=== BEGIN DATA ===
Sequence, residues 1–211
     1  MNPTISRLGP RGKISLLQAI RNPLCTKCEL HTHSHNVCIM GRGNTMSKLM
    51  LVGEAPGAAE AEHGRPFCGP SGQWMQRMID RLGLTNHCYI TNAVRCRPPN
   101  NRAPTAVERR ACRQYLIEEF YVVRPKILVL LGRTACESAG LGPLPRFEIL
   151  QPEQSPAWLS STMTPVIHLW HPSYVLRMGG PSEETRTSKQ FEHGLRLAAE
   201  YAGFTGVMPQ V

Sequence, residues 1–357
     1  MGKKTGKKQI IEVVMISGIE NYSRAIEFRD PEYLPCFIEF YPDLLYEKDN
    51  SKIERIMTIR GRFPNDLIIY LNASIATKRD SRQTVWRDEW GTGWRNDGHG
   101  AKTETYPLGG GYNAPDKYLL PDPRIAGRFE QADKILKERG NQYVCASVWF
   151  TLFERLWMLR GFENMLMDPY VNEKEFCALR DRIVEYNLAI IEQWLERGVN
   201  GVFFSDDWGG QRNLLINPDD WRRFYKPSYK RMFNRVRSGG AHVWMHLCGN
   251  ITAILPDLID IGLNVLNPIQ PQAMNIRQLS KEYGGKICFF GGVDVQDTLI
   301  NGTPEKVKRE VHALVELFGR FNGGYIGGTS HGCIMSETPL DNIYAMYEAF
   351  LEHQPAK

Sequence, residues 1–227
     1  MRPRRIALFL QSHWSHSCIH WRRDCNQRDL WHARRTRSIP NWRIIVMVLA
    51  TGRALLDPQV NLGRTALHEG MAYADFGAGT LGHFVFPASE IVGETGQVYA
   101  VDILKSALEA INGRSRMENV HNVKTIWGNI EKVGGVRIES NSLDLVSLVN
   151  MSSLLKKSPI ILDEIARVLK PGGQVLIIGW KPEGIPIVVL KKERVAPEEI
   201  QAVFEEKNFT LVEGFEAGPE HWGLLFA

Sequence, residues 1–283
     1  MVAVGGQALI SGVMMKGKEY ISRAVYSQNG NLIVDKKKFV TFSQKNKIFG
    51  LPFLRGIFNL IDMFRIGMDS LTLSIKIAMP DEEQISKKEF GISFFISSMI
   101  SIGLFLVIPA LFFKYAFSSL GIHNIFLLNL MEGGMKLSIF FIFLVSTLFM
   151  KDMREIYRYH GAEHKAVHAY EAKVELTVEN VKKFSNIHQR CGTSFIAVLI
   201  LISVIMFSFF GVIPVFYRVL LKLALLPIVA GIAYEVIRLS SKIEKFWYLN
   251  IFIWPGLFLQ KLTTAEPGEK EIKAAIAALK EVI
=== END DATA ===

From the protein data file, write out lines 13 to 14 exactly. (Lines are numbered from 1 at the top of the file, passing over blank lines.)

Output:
   251  ITAILPDLID IGLNVLNPIQ PQAMNIRQLS KEYGGKICFF GGVDVQDTLI
   301  NGTPEKVKRE VHALVELFGR FNGGYIGGTS HGCIMSETPL DNIYAMYEAF